Every year around this time I look for new inspirations for crafty, inexpensive gifts. There's just something appealing to me about handmade gifts. Yes, our budget dictates that we spend wisely, but more than that I like to pour my time and energy (which are generally in limited supply) into making something unique and personal for the ones I love.
Here are this year's creations:
1. Photo Holder Wreath
The card holders are meant to display Christmas cards or all those adorable holiday photo cards. I was shopping for a circular wooden cutout with an open center (like a wreath), but I could only find solid circles so I simply opted to paint a bow in the middle.
I chose two shades of green and a red for the paint as well as a white paint pen for the thin lines/details. The clothespins came in a variety pack so that there were three different sizes included. You could simply stick with the large clothespins, but I wanted to double-stack a few so I needed some medium sized pins. I used standard wood glue to attach the pins to the bases.
As it turns out my grandmother is moving into a much smaller place this month, so I thought this idea was a great fit for her, too. With six children, she has been blessed with a whole host of grandchildren and great-grandchildren which equates to a lot of class pictures and family photos. The photo holder gives her the option of hanging those pictures in a tight space and changing them out easily. I tried to make her gift less holiday specific (if you couldn't tell from the colors- she is proudly Irish).
2. Family Fun Bucket
The Family Fun Bucket came from my good friend Tracy Smith over at ASlice of Smith Life. The bucket is meant to be used by families throughout the season. Each evening, every member gets to select a slip of paper that describes an activity (like singing a Christmas carol or playing telephone). This gift is a great way to draw the family together. Tracy did all of the hard work by creating printables HERE, so head on over to her blog and snatch them up for yourself.
3. Warm Buddies
Fumbling around on Pinterest, I saw a few home-sewn, bean (or rice) filled heating pads as well as a tiny kid version. The child version appeared to be hand-sized felt animals. Both of those ideas sparked my creativity. I liked the idea of a stuffed animal that could be warmed and laid in the bed with a little one, but I wanted something big enough for my youngest to snuggle. So I dug through my fabric straps and whipped up these warm buddies. I filled the bigger leopard with beans. I let my littlest guy try it out and he seemed quite interested in the rattle sound the beans made when he played with it. My older kids took note of the bean smell it emitted when we warmed it in the microwave. For the snake I tried rice for filler and it definitely fixed the scent issue, but the rattle effect was lost. I decided to go back to beans for the frog.
I didn't have a pattern. I just cut rudimentary shapes with a concentration on the torso. The torso functions like a heating pad so it needs to hold the majority of the filler. I stuffed it just enough to fill all of the interior spaces, but not so much that the filler was immovable (and the torso too stiff). In order to prevent the limbs from ending up empty, I stuffed them and then stitched them so that their filler could not spill out into the torso. You could certainly get more creative when designing the facial features, but remember to stay away from buttons or other tiny features that could become a choking hazard.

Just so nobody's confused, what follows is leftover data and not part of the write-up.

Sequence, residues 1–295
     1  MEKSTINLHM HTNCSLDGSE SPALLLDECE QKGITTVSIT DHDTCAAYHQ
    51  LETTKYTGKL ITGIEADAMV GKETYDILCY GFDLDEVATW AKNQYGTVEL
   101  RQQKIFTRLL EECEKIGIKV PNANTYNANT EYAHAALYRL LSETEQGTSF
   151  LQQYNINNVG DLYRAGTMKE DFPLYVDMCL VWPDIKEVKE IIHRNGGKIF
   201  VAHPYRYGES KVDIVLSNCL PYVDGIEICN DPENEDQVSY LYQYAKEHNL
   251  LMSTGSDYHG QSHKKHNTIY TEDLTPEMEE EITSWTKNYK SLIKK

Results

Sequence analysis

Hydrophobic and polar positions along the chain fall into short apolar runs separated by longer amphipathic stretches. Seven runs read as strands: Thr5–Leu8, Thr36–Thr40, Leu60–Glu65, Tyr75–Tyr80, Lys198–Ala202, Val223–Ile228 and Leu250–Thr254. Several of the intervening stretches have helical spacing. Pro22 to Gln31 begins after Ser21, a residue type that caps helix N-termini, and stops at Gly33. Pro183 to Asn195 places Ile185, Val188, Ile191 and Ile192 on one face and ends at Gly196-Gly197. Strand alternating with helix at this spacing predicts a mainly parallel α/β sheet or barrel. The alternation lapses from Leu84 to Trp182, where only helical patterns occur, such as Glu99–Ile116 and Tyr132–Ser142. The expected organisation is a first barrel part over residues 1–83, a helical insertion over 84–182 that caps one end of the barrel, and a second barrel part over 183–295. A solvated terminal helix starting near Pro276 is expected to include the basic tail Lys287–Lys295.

The idea is to give your child a comforting, warm buddy at bedtime. You could also opt to place a few drops of your favorite essential oil on your buddy (just be sure the oil is rubbed into the fabric so as to avoid burning the child's sensitive skin).
The smaller the buddy or the thinner the fabric, the less time it requires to heat up in the microwave, so be sure to test it out (start with 30 seconds) before you hand it over to your sweetie.
4. Me Felt Books
Our kids usually bring a sack of appropriate books to our weekly holy hour which got me thinking about a gift for the toddler. He is old enough to need a little distraction, but I'd prefer not to bring non-faith related books into the chapel. We are trying to teach the children to spend quiet time with Jesus and so the books they read need to keep their attention on Him.
While pulling down the winter clothes from the attic, I unearthed an old cloth book I'd made years ago. It was a Christmas book and it became the catalyst for these Me Books. This project was going to be one big, fat book, but I broke it into two when I realized that sewing through many layers of fabrics was too difficult.
|these are my failed photo transfers|
One book contains a picture of a church altar and an icon of Our Lady of Perpetual Help. I used large wooden beads, a cross and paracord to create a decade for praying the rosary. The beads are movable to help teach him to keep count.
The pages are felt rectangles cut into halves. I used photo transfer paper to put our pictures on an old bed sheet (the photos didn't transfer well directly onto the felt). I then cut the sheet with the photos and glued them onto the felt pages with fabric glue.
The second book has pictures of our family. I also included my son's patron saints and a back page with a pocket to hold treasures (like an extra picture of his great-grandma).
|I used an extra long, thick needle to sew the book bindings and Liquid Stitch to attach the photos to the felt pages|
5. Portable Art Desks
I came across these great plastic lap desks at a local grocery store and my niece and nephew instantly came to mind. Using a paint pen, I added a bit of personalization. The paper clip (which I attached with some hot glue) will keep their masterpieces from slipping. The side cubbies can be filled with art supplies and snacks.